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Winter Crop Production Near Record Levels

15 September 2011

AUSTRALIA - Good soil moisture levels at the start of winter through key cropping regions have underpinned favourable growing conditions across the eastern states, with recent falls providing drier regions with a much needed boost according to MLA.

According to the Australian Bureau of Agricultural and Resources Economics and Sciences (ABARES), total winter crop production is expected to be around 41 million tonnes in 2011-12, revised upwards from ABARES' June forecast of 40.8 million tonnes.

The upward revision from June was on the back of improved conditions and outlook for WA (13,192 tonnes), SA (8,171 tonnes) and Victoria (6,438 tonnes), which will offset forecast production declines in Queensland (1,876 tonnes) and NSW (11,274 tonnes).

Crop growing conditions in WA have improved dramatically since last year, and production is expected to rise 78 per cent year-on-year, with 25-100mm of rain in each month of winter driving a predicted improvement in yields.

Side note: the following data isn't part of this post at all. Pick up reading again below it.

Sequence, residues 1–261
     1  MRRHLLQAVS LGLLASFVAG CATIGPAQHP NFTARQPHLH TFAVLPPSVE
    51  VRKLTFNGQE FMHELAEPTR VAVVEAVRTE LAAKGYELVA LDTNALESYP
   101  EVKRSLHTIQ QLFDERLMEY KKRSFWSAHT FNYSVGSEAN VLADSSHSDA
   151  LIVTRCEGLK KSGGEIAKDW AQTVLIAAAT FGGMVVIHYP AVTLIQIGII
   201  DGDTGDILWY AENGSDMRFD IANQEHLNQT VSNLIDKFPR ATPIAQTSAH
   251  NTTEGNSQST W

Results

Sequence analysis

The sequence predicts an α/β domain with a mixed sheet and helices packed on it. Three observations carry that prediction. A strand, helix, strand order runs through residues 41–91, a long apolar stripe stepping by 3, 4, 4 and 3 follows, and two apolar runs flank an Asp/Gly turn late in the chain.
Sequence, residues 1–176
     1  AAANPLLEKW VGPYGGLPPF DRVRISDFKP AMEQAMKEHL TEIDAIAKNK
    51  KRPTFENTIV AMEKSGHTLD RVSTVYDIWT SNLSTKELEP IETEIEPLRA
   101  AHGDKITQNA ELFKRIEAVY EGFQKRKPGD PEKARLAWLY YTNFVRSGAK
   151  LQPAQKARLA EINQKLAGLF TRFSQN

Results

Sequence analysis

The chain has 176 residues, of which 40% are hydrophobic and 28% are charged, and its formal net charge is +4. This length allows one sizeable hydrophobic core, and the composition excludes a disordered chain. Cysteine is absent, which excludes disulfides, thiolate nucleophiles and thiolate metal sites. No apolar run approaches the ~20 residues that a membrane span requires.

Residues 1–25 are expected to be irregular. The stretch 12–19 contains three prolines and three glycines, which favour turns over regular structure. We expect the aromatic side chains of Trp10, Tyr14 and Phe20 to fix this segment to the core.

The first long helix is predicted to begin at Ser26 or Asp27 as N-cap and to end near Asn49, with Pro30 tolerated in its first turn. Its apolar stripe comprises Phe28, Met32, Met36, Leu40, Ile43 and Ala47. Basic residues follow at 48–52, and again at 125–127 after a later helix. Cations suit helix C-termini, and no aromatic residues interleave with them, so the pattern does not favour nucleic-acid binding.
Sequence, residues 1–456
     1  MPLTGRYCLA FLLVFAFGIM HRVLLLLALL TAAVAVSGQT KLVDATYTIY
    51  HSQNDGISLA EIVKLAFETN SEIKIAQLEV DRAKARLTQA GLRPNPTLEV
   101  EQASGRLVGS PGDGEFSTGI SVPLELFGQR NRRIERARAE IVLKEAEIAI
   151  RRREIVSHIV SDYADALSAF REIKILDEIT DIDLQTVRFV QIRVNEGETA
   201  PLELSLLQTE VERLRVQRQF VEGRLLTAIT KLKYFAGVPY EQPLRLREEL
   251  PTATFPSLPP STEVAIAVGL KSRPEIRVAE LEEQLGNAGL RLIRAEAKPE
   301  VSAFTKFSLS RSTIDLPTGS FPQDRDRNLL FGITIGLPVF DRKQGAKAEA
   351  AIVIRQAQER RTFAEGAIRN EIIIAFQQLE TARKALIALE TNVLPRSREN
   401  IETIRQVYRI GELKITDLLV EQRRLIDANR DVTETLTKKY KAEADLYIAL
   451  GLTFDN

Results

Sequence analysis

However, compared to 2010-11 total production for 2011-12 is forecast to be back 2 per cent - albeit still the fourth largest crop on record. Indeed, the forecast declines in NSW and Queensland in 2011-12 are compared to the very large harvest in 2010-11, which was also significantly disrupted by heavy rain at harvest time.

Of the major crops, wheat production is estimated to be 26.2 million tonnes, slightly down on 2010-11.

Although total crop yields for 2010-11 were the second largest since 1998-99, grain prices still surged throughout the year. Average fiscal year prices for Darling Downs wheat ($244/tonne) and Riverina wheat ($225/tonne) both jumped 12 per cent year-on-year, despite the near record production levels.

The higher grain input costs continue to challenge feedlot operators, who are already dealing with a sluggish Japanese market and relatively high feeder cattle prices.

TheCropSite News Desk



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